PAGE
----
Using distance measurement of several satellites, the RAIM system can detect satellite failure to alert the pilot of a possible faulty satellite. While RAIM capabilities do not guarantee GPS positioning accuracy, the GPS failure alert helps the pilots take the corresponding measures.
RAIM takes advantage of the redundancy of distance measurements to produce several GPS position fixes. Then the RAIM algorithm compares those measurements to determine how consistent they are and verify possible positioning failure.
The latter is done when a statistical function determines the measurements are not consistent. The distance measurements are actually pseudo distances taken from a satellite to a receiver and are sometimes called pseudoranges. At this point, it is important to highlight the assumptions and steps taken, as well as the conditions required, to perform RAIM to properly determine when a satellite broadcast slightly incorrect information. These assumptions, steps, and conditions are provided as stated by the ESA Global Navigation Satellite System (GNSS) Science Advisory Committee (GSAC).
For civil aviation, there is a very low probability to find more than one satellite failing. So, it is assumed that the probability is negligible, meaning that only one satellite could fail at a time. Several satellites failing at the same time is considered impossible.
Traditional RAIM uses fault detection (FD) only, while newer GNSS receivers also incorporate exclusion (FDE) so they can still operate even when there is a GPS failure.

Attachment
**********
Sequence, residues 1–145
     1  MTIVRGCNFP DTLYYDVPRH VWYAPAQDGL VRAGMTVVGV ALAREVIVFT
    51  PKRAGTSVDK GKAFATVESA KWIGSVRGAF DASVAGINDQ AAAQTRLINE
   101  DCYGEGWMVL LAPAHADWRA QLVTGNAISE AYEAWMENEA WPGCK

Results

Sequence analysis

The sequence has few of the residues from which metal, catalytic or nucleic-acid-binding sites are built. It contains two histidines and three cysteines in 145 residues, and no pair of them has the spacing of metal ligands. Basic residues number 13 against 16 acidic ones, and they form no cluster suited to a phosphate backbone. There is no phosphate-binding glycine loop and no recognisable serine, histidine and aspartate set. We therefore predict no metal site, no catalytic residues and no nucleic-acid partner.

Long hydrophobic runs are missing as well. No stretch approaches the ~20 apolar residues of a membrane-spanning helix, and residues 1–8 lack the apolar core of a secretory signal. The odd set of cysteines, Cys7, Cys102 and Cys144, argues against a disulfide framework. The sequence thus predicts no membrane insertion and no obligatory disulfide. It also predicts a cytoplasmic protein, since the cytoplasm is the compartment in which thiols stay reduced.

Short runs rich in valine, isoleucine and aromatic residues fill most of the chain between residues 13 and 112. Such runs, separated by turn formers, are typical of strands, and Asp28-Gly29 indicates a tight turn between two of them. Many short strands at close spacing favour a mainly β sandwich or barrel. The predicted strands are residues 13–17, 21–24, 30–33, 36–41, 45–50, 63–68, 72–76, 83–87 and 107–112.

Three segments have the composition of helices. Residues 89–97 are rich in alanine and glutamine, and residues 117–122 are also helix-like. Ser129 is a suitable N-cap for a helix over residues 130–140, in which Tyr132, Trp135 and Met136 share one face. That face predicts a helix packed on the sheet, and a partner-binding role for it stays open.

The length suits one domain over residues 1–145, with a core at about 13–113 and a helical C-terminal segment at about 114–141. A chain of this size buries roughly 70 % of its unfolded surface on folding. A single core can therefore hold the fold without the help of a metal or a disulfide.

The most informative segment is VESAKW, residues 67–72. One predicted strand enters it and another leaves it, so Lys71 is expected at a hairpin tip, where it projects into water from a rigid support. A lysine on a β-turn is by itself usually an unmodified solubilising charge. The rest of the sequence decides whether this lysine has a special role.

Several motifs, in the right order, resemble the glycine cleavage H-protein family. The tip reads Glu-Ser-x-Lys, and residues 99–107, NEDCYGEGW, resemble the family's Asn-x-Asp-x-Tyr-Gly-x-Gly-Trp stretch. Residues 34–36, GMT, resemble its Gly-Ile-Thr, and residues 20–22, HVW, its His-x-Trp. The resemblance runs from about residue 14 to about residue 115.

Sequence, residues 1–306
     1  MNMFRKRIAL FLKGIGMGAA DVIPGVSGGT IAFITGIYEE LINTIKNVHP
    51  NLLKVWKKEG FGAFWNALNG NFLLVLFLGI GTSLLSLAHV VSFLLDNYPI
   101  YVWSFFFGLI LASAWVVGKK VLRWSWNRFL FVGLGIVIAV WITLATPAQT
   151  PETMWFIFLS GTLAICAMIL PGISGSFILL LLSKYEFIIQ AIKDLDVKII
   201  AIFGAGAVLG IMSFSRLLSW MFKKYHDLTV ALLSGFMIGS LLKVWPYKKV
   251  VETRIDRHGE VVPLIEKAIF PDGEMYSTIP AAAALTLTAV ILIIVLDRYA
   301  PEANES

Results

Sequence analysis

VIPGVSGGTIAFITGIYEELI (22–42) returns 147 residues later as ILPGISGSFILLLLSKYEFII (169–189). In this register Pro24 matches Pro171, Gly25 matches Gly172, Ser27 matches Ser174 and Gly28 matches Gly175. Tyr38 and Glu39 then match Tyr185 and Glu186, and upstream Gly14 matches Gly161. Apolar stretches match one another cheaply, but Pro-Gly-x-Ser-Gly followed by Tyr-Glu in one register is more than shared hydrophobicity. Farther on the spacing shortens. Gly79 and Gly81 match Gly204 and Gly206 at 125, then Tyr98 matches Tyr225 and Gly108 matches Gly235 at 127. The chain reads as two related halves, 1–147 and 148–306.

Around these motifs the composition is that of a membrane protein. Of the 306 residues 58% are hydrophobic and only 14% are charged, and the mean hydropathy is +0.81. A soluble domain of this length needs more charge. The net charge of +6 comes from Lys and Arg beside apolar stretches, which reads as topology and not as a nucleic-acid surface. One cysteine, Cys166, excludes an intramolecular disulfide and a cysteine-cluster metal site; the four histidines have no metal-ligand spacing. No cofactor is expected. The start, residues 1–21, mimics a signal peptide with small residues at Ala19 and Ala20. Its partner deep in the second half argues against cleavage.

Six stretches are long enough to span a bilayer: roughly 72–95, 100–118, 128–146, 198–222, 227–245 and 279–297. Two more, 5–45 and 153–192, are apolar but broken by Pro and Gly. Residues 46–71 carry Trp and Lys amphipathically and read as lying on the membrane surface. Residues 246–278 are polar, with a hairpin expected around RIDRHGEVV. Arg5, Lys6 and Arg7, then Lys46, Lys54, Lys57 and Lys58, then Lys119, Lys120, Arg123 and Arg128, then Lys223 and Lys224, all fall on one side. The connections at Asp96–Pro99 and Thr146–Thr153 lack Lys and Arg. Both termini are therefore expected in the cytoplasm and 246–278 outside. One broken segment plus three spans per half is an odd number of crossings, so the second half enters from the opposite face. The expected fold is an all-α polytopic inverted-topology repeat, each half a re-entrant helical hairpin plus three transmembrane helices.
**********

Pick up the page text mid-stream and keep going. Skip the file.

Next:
Also, there is an enhanced version of RAIM that uses at least six satellites to both detect a possible faulty satellite and exclude it. This allows the navigation function to keep working without interruption.
Clearly, the objective of FD is to identify the presence of a positioning failure. When this is identified, proper fault exclusion determines and excludes the source of the failure (and it does not need to identify the specific source of the problem), thus allowing navigation to continue without any problem.
While RAIM and FDE may not be equally available for operations in different regions, there are solutions such as the use of satellites from multiple GNSS constellations, and some integrity architectures. Let’s take a closer look at the latter.
The user algorithm known as RAIM can be improved by augmenting techniques that enhance its availability. These are known as integrity architectures that are proposed to meet the high requirements the civil aviation community has to guarantee the safety of travelers. These are the proposed architectures as per the ESA Global Navigation Satellite System Science Advisory Committee.